Socialist Worker

Act to stop bosses' offensive

Issue No. 1849

LARGELY LABOUR-led local government employers are urging fire chiefs to rip up firefighters' conditions in anticipation of a general offensive if the government beats the Fire Brigades Union (FBU). The Local Government Association has told fire authorities to start implementing those parts of the Bain cuts package that do not require new legislation.

Deputy prime minister John Prescott has asked authorities to draw up plans for station closures. He is removing the legal clause which delays such cuts. Unnamed officials of the employers' body have suggested imposing an even worse offer on firefighters and control staff. They are threatening to do that if the FBU does not accept the terrible deal its conference has twice rejected.

This is designed to scare FBU members into accepting an offer that guarantees only 4 percent this year and opens the way to massive cuts. Socialist Worker has learnt that the deputy chief officer in Lincolnshire talked about sacking all 193 whole time (full time) firefighters in the county. Mike Thomas made the threat to firefighters at a Lincoln station because they refused to take on extra work while the pay dispute is on.

He mentioned mass sackings and then said, 'Management run this brigade, not the FBU.' The new chief officer in London is Ken Knight. As West Midlands chief he oversaw the victimisation of leading FBU activist Steve Godward. 'Knight has been on the leading edge of the attacks,' says Neale Williams of the FBU in north London. 'In the West Midlands he said he would no longer process 'failures to agree' initiated by the union. That is a key part of what the employers want nationally - to be able to say there is only an industrial dispute if both sides agree there is.'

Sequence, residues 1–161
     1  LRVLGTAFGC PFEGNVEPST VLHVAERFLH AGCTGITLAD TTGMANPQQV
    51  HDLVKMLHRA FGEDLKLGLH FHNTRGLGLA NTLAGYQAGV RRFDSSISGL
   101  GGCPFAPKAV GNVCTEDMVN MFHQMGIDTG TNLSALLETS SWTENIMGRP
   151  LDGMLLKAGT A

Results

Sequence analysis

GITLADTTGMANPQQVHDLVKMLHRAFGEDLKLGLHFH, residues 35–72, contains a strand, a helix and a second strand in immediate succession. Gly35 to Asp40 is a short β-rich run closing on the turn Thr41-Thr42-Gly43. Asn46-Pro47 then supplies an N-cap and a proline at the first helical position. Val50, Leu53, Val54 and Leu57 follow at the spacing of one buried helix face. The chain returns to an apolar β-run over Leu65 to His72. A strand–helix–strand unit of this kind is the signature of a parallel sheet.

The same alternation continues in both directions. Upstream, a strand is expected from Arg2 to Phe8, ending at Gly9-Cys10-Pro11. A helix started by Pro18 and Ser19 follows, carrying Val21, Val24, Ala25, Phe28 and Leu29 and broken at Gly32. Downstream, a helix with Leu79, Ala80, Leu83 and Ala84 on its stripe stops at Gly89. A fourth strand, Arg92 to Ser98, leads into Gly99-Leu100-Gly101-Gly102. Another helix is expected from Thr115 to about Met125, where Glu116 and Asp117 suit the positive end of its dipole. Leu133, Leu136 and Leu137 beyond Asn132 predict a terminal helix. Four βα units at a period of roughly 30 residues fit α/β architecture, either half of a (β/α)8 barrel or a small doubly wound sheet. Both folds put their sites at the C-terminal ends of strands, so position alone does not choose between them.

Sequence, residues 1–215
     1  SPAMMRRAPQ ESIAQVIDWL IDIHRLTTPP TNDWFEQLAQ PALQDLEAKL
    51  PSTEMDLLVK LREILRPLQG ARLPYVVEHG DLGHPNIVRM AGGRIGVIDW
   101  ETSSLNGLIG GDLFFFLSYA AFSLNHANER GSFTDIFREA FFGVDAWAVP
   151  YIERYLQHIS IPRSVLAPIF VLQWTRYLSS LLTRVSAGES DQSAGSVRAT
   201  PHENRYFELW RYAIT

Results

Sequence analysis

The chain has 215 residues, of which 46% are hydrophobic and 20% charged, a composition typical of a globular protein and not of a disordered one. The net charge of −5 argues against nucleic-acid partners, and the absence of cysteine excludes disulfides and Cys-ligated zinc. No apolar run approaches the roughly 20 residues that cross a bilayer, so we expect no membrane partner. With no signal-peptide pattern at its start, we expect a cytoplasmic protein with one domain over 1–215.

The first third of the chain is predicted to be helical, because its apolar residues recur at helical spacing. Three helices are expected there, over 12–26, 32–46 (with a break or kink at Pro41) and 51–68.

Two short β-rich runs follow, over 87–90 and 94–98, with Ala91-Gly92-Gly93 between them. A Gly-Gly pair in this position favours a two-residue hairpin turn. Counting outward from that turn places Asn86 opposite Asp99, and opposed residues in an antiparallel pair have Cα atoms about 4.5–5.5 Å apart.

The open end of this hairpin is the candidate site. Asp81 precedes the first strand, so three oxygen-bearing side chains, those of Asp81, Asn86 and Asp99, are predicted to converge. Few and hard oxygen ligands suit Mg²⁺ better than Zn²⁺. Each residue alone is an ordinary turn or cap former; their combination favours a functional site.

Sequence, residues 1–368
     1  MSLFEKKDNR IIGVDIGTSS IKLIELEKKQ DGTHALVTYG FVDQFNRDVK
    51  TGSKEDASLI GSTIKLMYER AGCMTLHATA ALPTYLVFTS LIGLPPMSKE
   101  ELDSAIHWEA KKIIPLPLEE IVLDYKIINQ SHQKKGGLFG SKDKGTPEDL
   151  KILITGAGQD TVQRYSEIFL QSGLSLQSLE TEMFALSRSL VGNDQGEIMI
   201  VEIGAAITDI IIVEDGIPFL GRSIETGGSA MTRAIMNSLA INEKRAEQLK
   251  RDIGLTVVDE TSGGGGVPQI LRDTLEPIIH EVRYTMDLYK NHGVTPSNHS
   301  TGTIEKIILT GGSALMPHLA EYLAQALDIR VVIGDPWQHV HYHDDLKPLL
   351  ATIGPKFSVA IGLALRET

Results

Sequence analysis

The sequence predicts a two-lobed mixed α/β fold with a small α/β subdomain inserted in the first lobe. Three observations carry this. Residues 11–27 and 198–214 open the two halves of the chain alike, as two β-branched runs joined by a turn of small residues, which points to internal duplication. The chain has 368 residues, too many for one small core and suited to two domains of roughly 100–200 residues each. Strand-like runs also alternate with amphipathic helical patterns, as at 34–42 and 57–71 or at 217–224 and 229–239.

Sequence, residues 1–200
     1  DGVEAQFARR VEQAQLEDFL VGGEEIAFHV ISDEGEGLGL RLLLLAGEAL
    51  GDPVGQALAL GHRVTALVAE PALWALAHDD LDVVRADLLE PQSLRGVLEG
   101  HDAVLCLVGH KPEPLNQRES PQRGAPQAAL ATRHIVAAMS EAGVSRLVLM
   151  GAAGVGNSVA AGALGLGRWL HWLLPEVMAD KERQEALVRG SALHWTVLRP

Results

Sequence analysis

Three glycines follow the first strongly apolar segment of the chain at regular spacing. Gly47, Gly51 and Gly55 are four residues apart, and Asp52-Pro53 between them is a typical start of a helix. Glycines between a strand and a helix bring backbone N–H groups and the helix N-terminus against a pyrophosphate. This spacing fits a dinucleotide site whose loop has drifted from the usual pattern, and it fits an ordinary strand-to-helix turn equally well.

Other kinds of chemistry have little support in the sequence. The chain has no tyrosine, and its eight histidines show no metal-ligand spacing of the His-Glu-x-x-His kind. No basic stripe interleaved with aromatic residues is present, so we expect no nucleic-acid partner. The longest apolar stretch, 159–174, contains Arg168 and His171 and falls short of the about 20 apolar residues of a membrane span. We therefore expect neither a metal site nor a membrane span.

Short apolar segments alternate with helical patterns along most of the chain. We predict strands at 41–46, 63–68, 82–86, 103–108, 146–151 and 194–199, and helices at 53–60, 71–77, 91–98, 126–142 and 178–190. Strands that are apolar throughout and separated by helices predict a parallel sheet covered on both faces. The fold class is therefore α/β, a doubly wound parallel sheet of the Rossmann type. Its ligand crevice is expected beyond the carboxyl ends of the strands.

Fire bosses have compulsorily transferred a firefighter in south London in breach of national disciplinary regulations. When the chair of an independent committee said managers had acted outside agreements, they refused to turn up to any more meetings.

'Fire chiefs have gone on the offensive because our union has vacillated and shown weakness,' says Neale Williams. 'Accepting Burchill as a basis for negotiation will only encourage the employers and the government to go for more. We have to put pressure on our executive to change course at its meeting on 12 May - reject Burchill and get strikes back on. We've got to strengthen rank and file connections so we can hit back at whatever the employers throw at us.'
Kevin Ovenden

Organising resistance to Burchill and the employers, meeting for FBU members called by rank and file paper Red Watch. Thursday 8 May, 7pm, Room Two, SOAS main building, off Malet Street, London.


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News
Sat 3 May 2003, 00:00 BST
Issue No. 1849
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